Can Bush Mk.II suffer a "Perot effect" (2)

Last Thursday, I wrote about the reasons why Democrats could choose to highlight the disagreements that exist between many conservative and libertarian voters with the record of George Bush Mk.II. There is an important point to consider as to why the fringe parties may not actually affect the result.

"In November 2000, the Green Party - represented by Ralph Nader - took sufficient votes in Florida to ensure that the Democrat Al Gore would lose." This view is held almost universally among the Democrat campaigners and is the reason why they have made every possible attempt to stop Nader from standing in 2004. To the extent that many libertarians feel more at home with fiscally-responsible Republicans, one could imagine a similar problem for George Bush Mk.II this year. After all, that is exactly what Ross Perot is credited with: punishing Bush Mk.I and letting Bill Clinton in with a spectacularly low share of the vote.

However, there are two reasons why such an extrapolation may be unfounded. In the first place, the Libertarian Party has contested every presidential election since 1972. During this time it has never polled much more than one percent in a presidential campaign, although much higher scores have been achieved in statewide contests. It is probably fair to say that the vast majority of Libertarian Party voters in 2000 also voted that way in 1996, and that those that were eligible to vote also did so in 1988 and 1992. If they did not vote for Reagan in 1988, they would not vote for Bush Mk.II in 2000 or 2004.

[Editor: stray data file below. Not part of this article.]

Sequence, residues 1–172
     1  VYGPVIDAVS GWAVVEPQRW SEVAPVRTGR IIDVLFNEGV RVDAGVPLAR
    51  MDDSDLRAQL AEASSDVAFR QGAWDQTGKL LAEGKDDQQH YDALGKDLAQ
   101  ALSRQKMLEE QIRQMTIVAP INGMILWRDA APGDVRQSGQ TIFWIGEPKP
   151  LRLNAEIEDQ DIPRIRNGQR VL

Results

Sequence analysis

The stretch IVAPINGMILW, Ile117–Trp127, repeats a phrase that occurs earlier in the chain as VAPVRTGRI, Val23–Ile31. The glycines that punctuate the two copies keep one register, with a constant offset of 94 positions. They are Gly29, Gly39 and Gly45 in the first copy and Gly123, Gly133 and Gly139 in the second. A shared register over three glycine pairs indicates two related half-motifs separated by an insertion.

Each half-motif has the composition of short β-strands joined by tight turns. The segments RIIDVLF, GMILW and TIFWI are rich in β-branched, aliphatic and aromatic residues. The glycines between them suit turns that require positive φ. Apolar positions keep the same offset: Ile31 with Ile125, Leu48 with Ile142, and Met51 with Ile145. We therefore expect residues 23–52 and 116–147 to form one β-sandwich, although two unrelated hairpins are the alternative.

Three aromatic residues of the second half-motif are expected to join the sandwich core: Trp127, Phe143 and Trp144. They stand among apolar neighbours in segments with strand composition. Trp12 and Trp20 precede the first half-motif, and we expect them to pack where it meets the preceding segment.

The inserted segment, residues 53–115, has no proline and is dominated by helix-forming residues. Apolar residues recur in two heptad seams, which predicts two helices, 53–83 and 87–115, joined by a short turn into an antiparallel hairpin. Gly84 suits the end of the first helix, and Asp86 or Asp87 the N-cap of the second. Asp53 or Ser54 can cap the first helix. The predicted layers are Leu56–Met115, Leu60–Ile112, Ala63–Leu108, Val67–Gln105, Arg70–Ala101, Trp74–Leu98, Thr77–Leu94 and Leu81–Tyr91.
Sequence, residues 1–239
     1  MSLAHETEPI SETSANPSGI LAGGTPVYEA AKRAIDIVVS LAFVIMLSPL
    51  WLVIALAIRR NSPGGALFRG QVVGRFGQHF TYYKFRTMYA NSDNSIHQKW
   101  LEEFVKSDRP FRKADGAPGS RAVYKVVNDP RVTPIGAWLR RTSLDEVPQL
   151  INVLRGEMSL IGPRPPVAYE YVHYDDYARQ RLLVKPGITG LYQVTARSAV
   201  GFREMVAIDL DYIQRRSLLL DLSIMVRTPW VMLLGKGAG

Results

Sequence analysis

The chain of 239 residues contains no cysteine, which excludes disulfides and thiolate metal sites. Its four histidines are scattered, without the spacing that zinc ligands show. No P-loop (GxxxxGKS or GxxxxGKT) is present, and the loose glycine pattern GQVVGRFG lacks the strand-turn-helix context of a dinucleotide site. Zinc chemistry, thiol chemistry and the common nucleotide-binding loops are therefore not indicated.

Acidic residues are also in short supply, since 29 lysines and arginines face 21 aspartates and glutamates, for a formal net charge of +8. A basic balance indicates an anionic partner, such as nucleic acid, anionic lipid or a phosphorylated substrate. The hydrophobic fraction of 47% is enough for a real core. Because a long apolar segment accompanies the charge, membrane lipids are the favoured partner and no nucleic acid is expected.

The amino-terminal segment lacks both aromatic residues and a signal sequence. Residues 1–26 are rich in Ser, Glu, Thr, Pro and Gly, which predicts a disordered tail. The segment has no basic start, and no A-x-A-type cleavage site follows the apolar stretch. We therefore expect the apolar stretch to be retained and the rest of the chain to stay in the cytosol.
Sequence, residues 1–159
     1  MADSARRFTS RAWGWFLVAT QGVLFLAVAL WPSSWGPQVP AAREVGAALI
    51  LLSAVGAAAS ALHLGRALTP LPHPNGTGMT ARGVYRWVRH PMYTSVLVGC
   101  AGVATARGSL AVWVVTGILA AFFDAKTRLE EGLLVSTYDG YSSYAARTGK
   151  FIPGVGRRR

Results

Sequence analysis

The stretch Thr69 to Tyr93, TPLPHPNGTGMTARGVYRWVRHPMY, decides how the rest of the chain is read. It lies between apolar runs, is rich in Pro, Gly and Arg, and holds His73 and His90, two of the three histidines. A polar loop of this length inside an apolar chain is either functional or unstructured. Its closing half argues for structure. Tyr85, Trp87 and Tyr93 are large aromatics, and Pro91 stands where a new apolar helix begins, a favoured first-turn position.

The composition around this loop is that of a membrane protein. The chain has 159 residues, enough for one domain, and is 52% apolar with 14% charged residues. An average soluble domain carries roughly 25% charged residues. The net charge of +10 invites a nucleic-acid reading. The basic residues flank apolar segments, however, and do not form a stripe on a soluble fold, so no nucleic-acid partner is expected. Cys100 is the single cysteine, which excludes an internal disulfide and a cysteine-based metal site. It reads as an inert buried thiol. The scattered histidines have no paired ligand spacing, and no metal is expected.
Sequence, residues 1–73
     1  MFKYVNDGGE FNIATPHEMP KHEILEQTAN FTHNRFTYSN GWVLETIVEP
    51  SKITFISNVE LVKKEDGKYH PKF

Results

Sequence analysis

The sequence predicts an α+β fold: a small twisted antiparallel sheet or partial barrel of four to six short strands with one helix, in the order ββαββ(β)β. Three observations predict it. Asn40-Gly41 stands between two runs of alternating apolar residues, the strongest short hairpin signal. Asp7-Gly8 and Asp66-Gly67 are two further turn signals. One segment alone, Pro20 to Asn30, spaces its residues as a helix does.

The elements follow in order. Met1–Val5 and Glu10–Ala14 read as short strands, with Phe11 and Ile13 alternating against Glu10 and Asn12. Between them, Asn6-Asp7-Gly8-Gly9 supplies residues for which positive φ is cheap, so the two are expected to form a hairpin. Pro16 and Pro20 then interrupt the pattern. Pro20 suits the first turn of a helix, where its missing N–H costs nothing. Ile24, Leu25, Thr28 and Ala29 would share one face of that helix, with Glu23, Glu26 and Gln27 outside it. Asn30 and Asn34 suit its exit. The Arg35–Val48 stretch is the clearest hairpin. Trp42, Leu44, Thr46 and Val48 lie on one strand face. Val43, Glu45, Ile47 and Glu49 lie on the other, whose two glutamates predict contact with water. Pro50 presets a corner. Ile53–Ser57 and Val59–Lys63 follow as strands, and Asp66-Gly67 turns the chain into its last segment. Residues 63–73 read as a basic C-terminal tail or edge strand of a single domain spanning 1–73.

As for switching voters there is a calculation to be made. In an online questionnaire I was asked thirty questions and the "ideal candidate" for me was calculated. No one achieved 100%. One of the fringe candidates scored 67% for me, one of the two major party candidates scored 65%, the other major candidate scored 30% and most of the other fringe parties scored less. If the choice to right or left wing voters were between two major party candidates scoring let us say 40% of their approval and a fringe candidate scoring 80%, then I believe that we could expect people to vote for their principles ahead of voting tactically.

In a wide-open contest the temptation to vote for one's beliefs ahead of tactical concerns is also strong. But one thing most people agree on is that the 2004 election will be tight. Therefore the cost of voting for 'purity' is very high. Vote against Bush's public spending increases and you could get Kerry who spends more. Vote against Kerry's watered down liberalism and you could get Bush revoking abortion rights, outlawing gay marriage and continuing an aggressive militaristic policy.

Of course if large numbers of people act on the notion that the election could be tight, I would not be at all surprised to see a landslide.

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